Los Angeles Dodgers Season Preview: It's Good to Be Kings of the NL

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Editor's note: Welcome to SI's MLB preview. Click here to view every team's outlook in 2020, including predictions, projections and, yes, a preview of the 2030 preview. Click here to read the Dodgers fantasy preview.

The Dodgers watched the Padres and Diamondbacks each make a half-dozen improvements this offseason, burning money and talent to take shots at the division title. Then, with camps about to open, they big-footed both NL West clubs by acquiring the second-best player in baseball–without touching the top of their roster or their farm system. It’s good to be the kings.

Adding superstar Mookie Betts, 27, formerly of the Red Sox, to MLB’s deepest roster gives Los Angeles a third MVP to go with 24-year-old Cody Bellinger and lefthander Clayton Kershaw. Five of the eight projected everyday players have had at least one five-win season in the last three years. Two others, catcher Will Smith and infielder Gavin Lux, have yet to play a full season. A.J. Pollock, who signed a four-year, $55 million deal before the 2019 season, is the fourth outfielder behind Betts, Bellinger and Joc Pederson, now a potential trade chip. Even with all that talent in the majors, the Dodgers still have seven of Baseball America’s top 100 prospects, second only to the Rays.

Yes, you can certainly pick at the edges. Supplanting Kershaw as L.A.’s ace, righty Walker Buehler (3.26 ERA, 1.042 WHIP) fronts a rotation filled with questions after two starters left in free agency (Rich Hill and Hyun-Jin Ryu) and a third via trade (Kenta Maeda). The bullpen, always a source of concern, could get a huge boost if Blake Treinen, signed from Oakland to a one-year, $10 million deal, finds the form that made him the game’s best closer in 2018. But if pitching problems persist this summer, GM Andrew Friedman will merely enter the trade market and exit with, say, the Mets’ Noah Syndergaard.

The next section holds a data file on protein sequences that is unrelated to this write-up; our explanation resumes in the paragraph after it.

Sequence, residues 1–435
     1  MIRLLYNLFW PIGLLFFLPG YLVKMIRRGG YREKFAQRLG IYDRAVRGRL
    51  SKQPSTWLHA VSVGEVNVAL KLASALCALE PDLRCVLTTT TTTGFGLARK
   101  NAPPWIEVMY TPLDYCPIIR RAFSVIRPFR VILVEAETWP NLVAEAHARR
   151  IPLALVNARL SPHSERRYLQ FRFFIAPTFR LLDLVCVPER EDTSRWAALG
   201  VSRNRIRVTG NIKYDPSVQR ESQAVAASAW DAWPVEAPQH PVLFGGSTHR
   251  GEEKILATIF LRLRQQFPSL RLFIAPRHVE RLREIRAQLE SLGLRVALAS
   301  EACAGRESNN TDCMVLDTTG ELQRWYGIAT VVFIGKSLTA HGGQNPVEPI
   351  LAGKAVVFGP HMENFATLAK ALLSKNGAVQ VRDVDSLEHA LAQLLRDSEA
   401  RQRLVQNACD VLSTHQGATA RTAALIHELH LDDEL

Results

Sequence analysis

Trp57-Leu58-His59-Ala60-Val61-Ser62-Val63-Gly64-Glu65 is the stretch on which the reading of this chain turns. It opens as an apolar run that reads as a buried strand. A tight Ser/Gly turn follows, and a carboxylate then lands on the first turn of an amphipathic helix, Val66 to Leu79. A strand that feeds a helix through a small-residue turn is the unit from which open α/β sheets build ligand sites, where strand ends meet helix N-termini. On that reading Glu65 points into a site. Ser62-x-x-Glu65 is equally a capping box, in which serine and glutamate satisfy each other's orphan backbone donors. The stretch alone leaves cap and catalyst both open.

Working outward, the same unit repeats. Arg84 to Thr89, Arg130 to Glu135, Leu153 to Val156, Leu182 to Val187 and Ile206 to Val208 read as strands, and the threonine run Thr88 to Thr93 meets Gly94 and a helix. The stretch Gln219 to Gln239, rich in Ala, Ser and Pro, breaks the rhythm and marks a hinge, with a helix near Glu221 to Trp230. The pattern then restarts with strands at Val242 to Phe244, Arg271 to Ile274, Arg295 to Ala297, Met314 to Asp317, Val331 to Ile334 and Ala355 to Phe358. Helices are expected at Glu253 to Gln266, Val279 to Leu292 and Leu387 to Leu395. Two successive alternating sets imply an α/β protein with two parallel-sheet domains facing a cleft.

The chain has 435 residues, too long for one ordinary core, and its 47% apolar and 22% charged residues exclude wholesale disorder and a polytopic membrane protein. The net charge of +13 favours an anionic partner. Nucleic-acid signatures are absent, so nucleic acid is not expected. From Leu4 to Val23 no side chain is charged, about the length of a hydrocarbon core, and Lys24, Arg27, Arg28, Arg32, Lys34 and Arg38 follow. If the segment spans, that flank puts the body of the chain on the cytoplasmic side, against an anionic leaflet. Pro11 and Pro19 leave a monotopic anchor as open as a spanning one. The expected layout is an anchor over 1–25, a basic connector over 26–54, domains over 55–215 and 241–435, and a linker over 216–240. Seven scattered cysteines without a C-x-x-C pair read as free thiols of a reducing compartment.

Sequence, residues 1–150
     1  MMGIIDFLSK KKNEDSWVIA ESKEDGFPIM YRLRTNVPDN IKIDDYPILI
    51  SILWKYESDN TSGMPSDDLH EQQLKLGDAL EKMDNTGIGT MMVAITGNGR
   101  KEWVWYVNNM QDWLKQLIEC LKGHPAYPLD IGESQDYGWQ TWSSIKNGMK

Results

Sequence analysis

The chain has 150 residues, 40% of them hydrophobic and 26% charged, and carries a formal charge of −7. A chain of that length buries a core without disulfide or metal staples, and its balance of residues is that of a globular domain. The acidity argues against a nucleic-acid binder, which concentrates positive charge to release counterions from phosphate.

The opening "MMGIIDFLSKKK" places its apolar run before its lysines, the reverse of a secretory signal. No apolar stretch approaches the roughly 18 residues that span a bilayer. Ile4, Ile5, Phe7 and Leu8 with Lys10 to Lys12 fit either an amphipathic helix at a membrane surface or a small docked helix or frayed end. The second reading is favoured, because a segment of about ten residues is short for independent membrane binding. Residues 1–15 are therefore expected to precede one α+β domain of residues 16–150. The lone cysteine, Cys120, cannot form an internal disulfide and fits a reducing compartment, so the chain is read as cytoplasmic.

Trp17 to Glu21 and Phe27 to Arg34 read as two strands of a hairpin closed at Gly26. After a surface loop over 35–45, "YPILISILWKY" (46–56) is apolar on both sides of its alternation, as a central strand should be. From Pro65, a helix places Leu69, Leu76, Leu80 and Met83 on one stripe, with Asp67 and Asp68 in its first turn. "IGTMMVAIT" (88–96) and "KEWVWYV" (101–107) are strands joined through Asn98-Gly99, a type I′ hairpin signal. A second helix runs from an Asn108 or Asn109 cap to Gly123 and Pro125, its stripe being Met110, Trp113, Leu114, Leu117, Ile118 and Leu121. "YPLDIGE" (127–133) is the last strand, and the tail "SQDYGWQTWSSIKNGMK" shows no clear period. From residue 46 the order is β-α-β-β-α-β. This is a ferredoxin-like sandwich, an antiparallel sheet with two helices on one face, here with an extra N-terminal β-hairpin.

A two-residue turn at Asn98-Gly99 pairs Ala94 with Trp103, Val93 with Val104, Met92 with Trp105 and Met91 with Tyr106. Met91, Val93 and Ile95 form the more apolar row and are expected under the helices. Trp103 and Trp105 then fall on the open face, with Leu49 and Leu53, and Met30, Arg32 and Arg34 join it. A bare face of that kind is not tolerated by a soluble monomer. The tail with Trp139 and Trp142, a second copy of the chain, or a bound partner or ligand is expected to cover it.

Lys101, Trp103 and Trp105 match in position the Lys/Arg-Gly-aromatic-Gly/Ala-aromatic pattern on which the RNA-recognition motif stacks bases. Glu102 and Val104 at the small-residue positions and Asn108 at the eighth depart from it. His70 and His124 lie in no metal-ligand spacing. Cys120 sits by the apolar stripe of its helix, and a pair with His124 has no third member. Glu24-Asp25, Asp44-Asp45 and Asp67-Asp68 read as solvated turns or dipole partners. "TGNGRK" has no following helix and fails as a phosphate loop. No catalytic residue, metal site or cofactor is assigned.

Despite their almost annual status as the NL favorite, the Dodgers still haven’t won a title since 1988. All L.A. can do is what it has done: build the best team in baseball.  — Joe Sheehan

Projected Record: 107-55, 1st in NL West

Adding Mookie Betts alone makes the Dodgers better—and they won 106 games last year. Still, L.A. may need a midseason trade or two to end its 31-year title drought.

Key Question: Will the Dodgers Have an All-Time Season?

To set a club record for wins, Los Angeles needs one more win than it had last year, when it set the franchise's high-water mark with 106 regular season victories. — Matt Martell

Player Spotlight

Moving Up: Julio Urías, SP

Still just 23, the Mexican lefthander with the stuff to be a No. 2 starter should finally stick in the rotation after a solid 2019 (9.6 K/9, 1.079 WHIP).

Moving Down: David Price, SP

L.A. took Price and half his contract to make the Mookie Betts deal happen. The lefty lost 1.7 mph off his fastball in the last two years.

Watchability Ranking: Please Watch

The Dodgers are so deep, so balanced, so damn good that they almost break the idea of watchability. They’re the best team in baseball. If disaster strikes, well, just look at that bench and that farm system. For most of the season, the stock reason to want to watch anything—to find out what comes next—is rendered useless, because, really, don’t we all know what comes next? But perhaps that’s its own form of watchability. (And, also, if you haven’t heard, they now have Mookie Betts. Quite a watchable guy.) — Emma Baccellieri

Preview of the 2030 Preview

Gavin Lux, SS: Is anyone better suited to shine in Hollywood than someone whose last name is Latin for light? Lux assumed the mantle of Next Big Thing in L.A. as a second baseman in 2019, then took over shortstop from the previous Next Big Thing (Corey Seager) in ’22. He enters his age-32 season with six Silver Sluggers and three top-five MVP finishes, on the precipice of eclipsing Maury Wills as the Dodgers’ all-time WAR leader at short since the club moved from Brooklyn. — Craig Goldstein